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PhD and Post-doc positions at Trinity Centre for Bioengineering, Dublin, Ireland

I'd like to pass on information about PhD and Post-doc positions available at the Trinity Centre for Bioengineering in Dublin, Ireland.




Details below:


Cognitive decline and its consequences is one of the biggest limiting factors to independence in the elderly. The prevalence of cognitive impairment sharply increases with age. In the next decade, the number of people over 60 is forecast to double from Year 2002 count, growing to almost 1.2 billion people. By 2050 this will increase to 2 billion and the cost of caring for the elderly over 80 in OECD countries may triple from current level of 1.5% of gross domestic product. Considerable research is directed at a better understanding of the mechanisms of ageing, specifically those associated with cognitive function. Recent evidence has suggested that age-related changes in behaviour, brain structure and brain function may be far more complex than previously thought.

Speaking is one of the most complex and important human skills. During speaking phonological plans are formed and executed at 5-10 syllables per second using approximately 100 different muscles. Many older persons experience difficulties and breakdowns in speech production, such as reduced speaking rate and increased durations of segments, syllables, and sentences compared to younger adults. These age-related impairments in speech production are likely related to a decline in oro-facial motor control, as shown by decreased accuracy of movement amplitudes and increased temporal variability of movements as well as impairment of phonological processing, in particular the sequencing of phonological units.

Based on these behavioural findings and the results of our previous studies into speech production, the aim of this study is to compare the neural correlates of speech production between healthy older and younger adults using a brain imaging (fMRI and EEG) during specific cognitive challenging speech tasks.

The Neural Engineering Group within the Trinity Centre for Bioengineering invites applications for Post-Doctoral Researcher and PhD student positions with specific acoustic signal processing and neuroimaging skills.

More information can be obtained from Professor Richard Reilly (email: reillyri@xxxxxx)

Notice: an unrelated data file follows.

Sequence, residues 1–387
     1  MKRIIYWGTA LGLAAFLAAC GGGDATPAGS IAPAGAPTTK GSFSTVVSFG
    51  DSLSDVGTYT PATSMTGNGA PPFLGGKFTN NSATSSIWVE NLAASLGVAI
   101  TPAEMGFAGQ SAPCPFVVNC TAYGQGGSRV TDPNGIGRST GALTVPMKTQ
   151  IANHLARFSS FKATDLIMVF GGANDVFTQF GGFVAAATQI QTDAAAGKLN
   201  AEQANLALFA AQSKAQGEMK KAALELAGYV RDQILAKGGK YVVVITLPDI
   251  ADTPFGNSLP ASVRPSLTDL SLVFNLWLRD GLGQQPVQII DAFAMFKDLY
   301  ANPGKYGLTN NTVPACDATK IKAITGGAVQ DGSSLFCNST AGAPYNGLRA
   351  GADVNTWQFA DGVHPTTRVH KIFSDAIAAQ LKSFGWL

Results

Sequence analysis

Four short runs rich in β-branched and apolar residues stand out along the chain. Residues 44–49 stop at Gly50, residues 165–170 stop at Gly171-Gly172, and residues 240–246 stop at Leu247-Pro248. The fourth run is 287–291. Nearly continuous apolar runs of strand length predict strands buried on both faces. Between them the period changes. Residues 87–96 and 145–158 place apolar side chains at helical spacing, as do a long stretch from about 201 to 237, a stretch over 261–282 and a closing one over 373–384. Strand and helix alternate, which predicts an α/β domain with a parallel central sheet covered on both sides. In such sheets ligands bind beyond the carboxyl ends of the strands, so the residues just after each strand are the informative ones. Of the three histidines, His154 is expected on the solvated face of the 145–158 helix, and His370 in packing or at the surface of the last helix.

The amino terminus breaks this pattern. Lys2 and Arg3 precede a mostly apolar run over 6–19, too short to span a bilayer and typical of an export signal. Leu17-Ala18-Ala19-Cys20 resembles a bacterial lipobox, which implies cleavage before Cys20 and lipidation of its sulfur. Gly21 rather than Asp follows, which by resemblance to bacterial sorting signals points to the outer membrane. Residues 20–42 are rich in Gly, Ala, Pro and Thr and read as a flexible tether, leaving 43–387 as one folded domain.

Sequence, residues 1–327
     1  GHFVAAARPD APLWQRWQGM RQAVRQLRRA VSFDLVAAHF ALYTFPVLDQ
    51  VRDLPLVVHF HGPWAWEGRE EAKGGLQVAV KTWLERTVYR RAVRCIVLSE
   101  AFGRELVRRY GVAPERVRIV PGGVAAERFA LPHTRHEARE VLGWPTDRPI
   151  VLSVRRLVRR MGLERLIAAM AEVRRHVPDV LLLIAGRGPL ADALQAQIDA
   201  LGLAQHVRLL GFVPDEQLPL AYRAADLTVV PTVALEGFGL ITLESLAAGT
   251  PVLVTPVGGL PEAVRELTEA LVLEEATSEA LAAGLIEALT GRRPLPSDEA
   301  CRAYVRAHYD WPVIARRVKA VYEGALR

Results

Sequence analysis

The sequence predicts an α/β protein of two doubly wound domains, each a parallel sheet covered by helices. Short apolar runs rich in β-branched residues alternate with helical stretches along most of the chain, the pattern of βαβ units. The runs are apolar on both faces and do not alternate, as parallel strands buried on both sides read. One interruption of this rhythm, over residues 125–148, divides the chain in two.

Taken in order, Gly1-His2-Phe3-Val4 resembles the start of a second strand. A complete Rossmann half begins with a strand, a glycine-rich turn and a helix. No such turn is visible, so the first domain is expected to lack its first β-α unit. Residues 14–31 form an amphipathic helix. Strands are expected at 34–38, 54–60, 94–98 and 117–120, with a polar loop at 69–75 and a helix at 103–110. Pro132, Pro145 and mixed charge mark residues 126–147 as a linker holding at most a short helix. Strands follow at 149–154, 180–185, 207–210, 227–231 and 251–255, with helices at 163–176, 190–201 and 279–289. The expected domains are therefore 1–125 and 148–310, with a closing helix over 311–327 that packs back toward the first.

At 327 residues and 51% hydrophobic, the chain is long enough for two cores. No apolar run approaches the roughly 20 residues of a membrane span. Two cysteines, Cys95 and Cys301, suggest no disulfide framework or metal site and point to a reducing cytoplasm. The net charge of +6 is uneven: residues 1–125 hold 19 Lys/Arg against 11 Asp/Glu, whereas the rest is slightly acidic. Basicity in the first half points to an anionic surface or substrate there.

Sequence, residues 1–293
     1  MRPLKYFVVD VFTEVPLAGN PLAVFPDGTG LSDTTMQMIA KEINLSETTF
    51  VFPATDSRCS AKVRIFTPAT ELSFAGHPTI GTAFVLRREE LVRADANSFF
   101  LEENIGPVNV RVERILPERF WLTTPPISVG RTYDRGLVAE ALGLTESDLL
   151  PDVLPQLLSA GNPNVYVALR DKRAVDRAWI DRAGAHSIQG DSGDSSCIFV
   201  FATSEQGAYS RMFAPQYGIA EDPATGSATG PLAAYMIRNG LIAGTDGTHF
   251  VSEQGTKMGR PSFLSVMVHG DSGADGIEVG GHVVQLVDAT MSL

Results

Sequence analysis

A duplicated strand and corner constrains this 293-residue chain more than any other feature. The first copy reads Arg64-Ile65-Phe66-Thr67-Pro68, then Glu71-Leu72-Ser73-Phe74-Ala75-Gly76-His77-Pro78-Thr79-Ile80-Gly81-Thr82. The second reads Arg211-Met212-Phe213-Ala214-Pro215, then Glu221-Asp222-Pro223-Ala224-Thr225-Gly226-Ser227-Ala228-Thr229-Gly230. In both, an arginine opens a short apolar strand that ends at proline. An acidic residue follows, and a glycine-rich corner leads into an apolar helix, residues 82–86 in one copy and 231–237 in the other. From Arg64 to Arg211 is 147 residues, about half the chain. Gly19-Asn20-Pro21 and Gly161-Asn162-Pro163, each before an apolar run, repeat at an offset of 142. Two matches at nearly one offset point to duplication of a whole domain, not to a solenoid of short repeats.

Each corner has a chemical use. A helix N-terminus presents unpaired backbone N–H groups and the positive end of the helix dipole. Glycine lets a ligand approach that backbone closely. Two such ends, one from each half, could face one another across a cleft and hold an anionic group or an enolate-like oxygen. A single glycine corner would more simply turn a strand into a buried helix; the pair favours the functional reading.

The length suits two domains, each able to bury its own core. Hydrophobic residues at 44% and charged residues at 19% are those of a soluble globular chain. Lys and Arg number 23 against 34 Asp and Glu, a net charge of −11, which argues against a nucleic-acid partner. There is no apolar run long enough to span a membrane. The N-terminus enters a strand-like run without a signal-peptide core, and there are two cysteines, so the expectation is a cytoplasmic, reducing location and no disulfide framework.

Or at http://www.tcd.ie/bioengineering/assets/pdf/neuralpos.pdf


POST-DOC POSITIONS IN NEURAL ENGINEERING - Trinity Centre for Bioengineering

Post-Doctoral Researcher in Biomedical Acoustic Signal Processing

The Neural Engineering Group within the Trinity Centre for Bioengineering invites applications for a Post-Doctoral Researcher with specific acoustic signal processing skills. This position will be in collaboration with Professor Richard Costello at the Royal College Surgeons in Ireland and funded by the Health Research Board from 2011-2013.

The candidate will also be required to:

·         1) Play a leading role in the development of novel theoretical ideas for analysis of biomedical signals, particularly acoustic signals for the detection, analysis and classification of respiratory function

·         2) Participate in the specification, design and validation of new and improved linear and non-linear signal processing methods and techniques for acoustic analysis.

·         3) Operate independently with weekly or biweekly supervision.

·         4) Write journal papers for publication, research and development grants on innovative methods and approaches for acoustic analysis in biomedical applications.

·         5) Work with clinicians and neuropsychologists to develop and evaluate new and improved signal processing systems.

·         6) Prepare progress and technical reports on the research project.

·         7) Represent the Neural Engineering Group in outside discussions (technical and scientific fora) including collaborations with faculty, researchers and clinicians.

·         8) Work closely with internal Trinity Centre for Bioengineering research staff to develop and validate complete acoustic signal acquisition and processing subsystems and to integrate these subsystems into a complete acoustic respiratory analysis system.

·         9) Act as a technical resource for research staff involved in the development of signal processing technologies and assist in the technical investigation and resolution of biomedical signal processing issues.

Primary Function:

65%: Carry out theoretical studies, development of algorithms, and testing applications. Analyse real experimental data (audio, behavioural). Help develop new and improved signal processing algorithms. Help provide the technical focus and direction for the signal processing development effort required for a project. 20%: Work as project team leader on the specification, design, development, integration and validation of complete signal processing technologies. Participate as design engineer during the initial phase of signal processing software development.10%: Report research progress and results with funding agencies. Identify funding opportunities for development of this research activity.5%: Provide support to other laboratory research staff and students regarding biomedical signal processing issues.

The candidate must have a PhD in signal processing and will have journal publications in the field of audio and acoustic signal processing and be:

·         1) Familiar with Signal Processing tools and Languages (Matlab, C++, etc)

·         2) Familiar with statistical analysis of experimental data

·         3) Able to work autonomously, managing and reporting on their assigned projects

More information can be obtained from Professor Richard Reilly (email: reillyri@xxxxxx)

Or at http://www.tcd.ie/bioengineering/opportunities/#acoustic